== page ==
by Patrick Bromley
A few years back, I programmed 24 hours of movies to celebrate Halloween. It being October, I thought it seemed right to program a second round, though I'll admit that this marathon was a little bit harder than the last one because I used a lot of the best titles the first time around. Hopefully there are still enough good movies leftover to do another 24 hours! Grab yourself a Monster and pour yourself a bowl of Count Chocula, because we're in this for the long haul.
10 am - Lady in White (1988, dir. Frank LaLoggia)
Let's kick things off with a childhood favorite of mine, one we showed to our own kids last October and found to be a big hit. Writer/director Frank LaLoggia's deeply personal ghost story is a perfect gateway horror movie for young kids (minus the child murder, of course) in that it's spooky but not too scary and is told from the perspective of a child. It also offers great Halloween atmosphere, making it a perfect way to start our marathon. I'm surprised I didn't program this the first time around.
Noon - I Was a Teenage Werewolf (1957, dir. Gene Fowler, Jr.)
1:30 pm - Ernest Scared Stupid (1991, dir. John R. Cherry)
3 pm - Murder Party (2007, dir. Jeremy Saulnier)
Jeremy Saulnier's (Green Room) debut feature is a great horror comedy about a sadsack guy who finds an invitation to a "Murder Party" on Halloween night and decides to attend, only to discover it really is a Murder Party hosted by a bunch of pretentious art students (including Saulnier regular Macon Blair among them). Every cast member is really funny, in particular Chris Sharp as the deadpan lead, and the movie's commentary on the art world is just as sharp today as it was in 2007. The movie is a sneaky gem.
4:30 pm - Trick or Treat (1986, dir. Charles Martin Smith)
Terry the Toad directs Skippy from Family Ties in one of the all-time great Heavy Metal horror movies about a dead singer who returns from the grave when one of his songs is played backwards. Most of the movie, including the climactic concert sequence in which dozens of teens are vanquished by bolts of metal fury, takes place on Halloween. This is a terrific slice of '80s horror that, like I Was a Teenage Werewolf, is for some reason not widely available except on a not-great import Blu-ray from Germany.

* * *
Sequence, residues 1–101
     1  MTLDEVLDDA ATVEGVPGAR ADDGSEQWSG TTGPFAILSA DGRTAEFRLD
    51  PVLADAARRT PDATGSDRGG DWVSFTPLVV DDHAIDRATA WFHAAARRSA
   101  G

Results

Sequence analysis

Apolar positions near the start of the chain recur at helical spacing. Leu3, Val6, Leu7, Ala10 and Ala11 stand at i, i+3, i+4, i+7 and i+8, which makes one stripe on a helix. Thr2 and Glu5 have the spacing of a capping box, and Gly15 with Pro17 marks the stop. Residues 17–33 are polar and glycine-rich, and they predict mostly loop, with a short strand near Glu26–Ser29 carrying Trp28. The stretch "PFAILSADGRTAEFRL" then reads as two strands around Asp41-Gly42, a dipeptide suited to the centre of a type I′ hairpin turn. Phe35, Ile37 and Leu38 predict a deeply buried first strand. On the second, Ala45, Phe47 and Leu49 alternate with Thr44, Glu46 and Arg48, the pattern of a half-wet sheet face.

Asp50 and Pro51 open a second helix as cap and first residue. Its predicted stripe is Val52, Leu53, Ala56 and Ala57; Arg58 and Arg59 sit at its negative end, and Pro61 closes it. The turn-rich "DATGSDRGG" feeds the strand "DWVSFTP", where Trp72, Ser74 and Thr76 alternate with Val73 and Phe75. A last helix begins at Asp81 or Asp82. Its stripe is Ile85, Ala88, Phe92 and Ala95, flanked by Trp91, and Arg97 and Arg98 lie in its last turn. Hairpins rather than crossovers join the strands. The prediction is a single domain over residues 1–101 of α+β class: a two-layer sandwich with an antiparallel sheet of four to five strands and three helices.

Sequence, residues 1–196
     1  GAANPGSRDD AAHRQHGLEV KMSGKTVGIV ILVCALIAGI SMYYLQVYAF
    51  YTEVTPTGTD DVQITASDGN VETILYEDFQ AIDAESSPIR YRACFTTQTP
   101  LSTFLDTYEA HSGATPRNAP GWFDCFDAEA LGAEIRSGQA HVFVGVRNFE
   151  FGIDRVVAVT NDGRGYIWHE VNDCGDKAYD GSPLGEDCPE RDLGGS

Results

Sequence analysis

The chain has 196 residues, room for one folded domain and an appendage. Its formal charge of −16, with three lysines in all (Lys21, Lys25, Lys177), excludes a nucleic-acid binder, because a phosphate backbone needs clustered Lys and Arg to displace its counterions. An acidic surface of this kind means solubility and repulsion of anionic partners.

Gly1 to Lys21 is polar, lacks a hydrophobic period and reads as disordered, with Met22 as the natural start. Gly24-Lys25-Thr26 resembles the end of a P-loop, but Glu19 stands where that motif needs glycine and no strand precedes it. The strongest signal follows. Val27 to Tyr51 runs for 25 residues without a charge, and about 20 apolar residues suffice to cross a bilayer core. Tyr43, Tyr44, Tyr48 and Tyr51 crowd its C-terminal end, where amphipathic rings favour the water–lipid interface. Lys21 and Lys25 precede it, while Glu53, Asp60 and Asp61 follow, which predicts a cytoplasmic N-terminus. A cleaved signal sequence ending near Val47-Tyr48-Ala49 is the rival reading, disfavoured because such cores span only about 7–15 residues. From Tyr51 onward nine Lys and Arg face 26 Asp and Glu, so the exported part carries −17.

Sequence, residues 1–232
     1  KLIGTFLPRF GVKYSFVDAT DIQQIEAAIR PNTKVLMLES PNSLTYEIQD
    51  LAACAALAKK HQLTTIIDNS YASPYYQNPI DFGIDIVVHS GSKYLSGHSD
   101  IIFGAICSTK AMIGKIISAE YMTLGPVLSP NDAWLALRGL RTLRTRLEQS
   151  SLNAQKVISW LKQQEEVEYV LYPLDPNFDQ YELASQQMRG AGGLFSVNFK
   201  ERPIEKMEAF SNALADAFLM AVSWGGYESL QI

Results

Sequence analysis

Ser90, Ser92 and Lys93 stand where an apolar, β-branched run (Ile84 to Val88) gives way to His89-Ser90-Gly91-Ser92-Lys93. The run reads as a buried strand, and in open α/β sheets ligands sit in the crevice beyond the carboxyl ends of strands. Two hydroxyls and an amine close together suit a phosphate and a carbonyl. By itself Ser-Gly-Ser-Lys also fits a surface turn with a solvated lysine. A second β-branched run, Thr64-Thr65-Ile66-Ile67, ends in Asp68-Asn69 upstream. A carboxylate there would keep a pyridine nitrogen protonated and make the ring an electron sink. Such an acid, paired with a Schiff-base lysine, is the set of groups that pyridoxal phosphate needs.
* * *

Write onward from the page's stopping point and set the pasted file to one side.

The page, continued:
6:30 pm - Donnie Darko (2001, dir. Richard Kelly)
It makes sense to program one of the most mainstream films in our lineup into the primetime slot. Donnie Darko has a good fall vibe overall, but its the climax set on Halloween night that makes it deserving of inclusion in our marathon. What started as a cult movie has become a movie that everyone loves, so there's no real need to go into what it's about or why it's great. We'll be watching the theatrical cut, as it's superior to the overly explanatory director's cut released a few years later. It's always disappointing to discover that filmmakers don't know what makes their movies work.
8:30 pm - Halloween 4: The Return of Michael Myers (1988, dir. Dwight H. Little)
Last time I did a Halloween marathon, I programmed the original Halloween into the lineup because even though it seems too obvious, a marathon of Halloween movies without it just seems incomplete. Since I've got a little more freedom this time around, I'm going to program my personal favorite of the Halloween franchise, which ought to come as no surprise to anyone who reads this website with any regularity. I love the characters more than in any of the other movies. I love the direction by Dwight H. Little (you my boy). I love the Fall atmosphere. I love Alan Howarth's score. If I'm going to watch one Halloween movie, it's usually this one.
10 pm - Gravy (2015, dir. James Roday Rodriguez)